When I read this verse, two things come to mind – one is an experience and the other is an image. Do you mind if share them with you? Thanks. First the experience. A few years ago, I had the opportunity to see the Dead Sea Scrolls when they toured North Carolina. In fact, it was my engagement present from my husband.
These scrolls of Holy Scripture were persevered by a group called the Essences who lived in Qumran in the Judean desert. They took upon themselves the task of copying the word of God with excellence. If a scroll had even one mistake, the entire scroll was banished to the fire. It had to be destroyed so it could not be later read and compromise the accuracy of the word of God. When a scribe had completed a scroll without errors, the scroll was stored in a clay jar.
In the Essences day as well as Paul’s, a clay jar was where a person would hide their dearest treasures. Clay jars were the ancient equivalent of safe deposit boxes. Whether it was wine, oil, or jewels - anything of high value was placed in a clay jar. These jars were not adorned. The jars were chosen not because they were beautiful. You could walk right past these jars and never know there was a treasure inside. It was what was inside the jars that solely gave them value.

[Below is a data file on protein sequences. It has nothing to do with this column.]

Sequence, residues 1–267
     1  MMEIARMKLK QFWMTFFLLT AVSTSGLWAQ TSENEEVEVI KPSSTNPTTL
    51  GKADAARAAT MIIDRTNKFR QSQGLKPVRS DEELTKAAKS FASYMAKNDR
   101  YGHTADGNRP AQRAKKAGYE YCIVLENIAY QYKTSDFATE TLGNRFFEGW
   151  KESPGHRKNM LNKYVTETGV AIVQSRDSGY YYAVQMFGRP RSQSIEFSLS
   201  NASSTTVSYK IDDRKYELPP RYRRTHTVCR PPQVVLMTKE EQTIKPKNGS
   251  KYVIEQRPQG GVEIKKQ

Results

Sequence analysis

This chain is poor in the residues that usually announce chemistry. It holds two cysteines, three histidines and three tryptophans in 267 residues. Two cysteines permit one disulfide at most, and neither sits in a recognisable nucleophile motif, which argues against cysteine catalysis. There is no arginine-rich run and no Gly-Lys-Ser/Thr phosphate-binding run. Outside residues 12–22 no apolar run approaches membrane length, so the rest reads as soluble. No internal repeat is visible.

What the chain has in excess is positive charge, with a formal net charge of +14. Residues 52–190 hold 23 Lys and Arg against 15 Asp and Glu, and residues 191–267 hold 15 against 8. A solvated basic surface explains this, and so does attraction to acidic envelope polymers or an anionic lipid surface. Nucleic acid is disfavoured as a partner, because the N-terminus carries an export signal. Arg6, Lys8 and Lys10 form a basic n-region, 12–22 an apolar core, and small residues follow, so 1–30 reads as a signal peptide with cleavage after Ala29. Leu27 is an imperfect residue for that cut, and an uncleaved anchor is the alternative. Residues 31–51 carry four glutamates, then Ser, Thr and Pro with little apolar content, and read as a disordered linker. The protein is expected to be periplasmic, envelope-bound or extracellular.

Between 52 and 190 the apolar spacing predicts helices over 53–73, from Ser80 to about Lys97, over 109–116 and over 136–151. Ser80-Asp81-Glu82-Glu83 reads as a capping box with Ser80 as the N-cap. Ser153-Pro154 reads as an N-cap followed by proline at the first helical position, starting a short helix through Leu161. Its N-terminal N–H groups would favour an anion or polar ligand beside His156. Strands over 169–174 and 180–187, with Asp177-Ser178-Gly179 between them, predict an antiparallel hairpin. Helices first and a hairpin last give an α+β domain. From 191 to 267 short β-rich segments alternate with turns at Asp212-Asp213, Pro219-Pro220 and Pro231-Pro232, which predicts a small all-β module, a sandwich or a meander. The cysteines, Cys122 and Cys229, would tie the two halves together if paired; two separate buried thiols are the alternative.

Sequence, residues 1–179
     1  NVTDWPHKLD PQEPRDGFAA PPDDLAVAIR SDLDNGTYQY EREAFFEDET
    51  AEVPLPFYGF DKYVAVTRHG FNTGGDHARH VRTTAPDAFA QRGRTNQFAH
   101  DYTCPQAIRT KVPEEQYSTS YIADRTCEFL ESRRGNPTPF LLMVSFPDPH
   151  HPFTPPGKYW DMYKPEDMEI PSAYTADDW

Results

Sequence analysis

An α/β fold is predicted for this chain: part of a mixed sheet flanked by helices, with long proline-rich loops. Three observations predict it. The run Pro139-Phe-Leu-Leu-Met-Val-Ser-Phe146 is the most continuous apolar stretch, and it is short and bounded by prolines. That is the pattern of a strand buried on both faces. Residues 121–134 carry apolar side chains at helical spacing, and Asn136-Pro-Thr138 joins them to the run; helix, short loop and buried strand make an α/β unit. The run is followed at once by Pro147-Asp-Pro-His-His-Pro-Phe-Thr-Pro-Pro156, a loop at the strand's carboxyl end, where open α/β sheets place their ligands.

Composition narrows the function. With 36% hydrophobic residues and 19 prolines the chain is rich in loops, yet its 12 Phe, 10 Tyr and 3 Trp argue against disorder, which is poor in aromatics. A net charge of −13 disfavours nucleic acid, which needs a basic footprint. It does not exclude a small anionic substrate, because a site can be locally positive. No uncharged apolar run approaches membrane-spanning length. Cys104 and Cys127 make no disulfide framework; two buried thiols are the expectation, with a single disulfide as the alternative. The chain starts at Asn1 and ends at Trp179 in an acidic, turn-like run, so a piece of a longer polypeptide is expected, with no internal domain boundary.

We are jars of clay. Our true beauty does not come from our outward appearance, but from the indwelling of the Word of God (who is Jesus) and the Holy Spirit. Though the clay jars of the first century were meant to hide treasures, our prized possession, the word of God, is meant to be seen, touched and felt. Our jars our meant to be cracked.
Just our Creator commanded light to shine out of darkness so are we to shine as light in a darkened world. The cracks in our jars allow His light to be revealed. What cracks our jars? The challenges of life and the persecution of the adversary. Poor Satan, he thinks that when brings trouble into our lives to weigh us down and make us give up on Christ. Instead the issues our allowed in our lives to reveal the glory of God under pressure and unblind the eye of the unbeliever. We can say like Paul that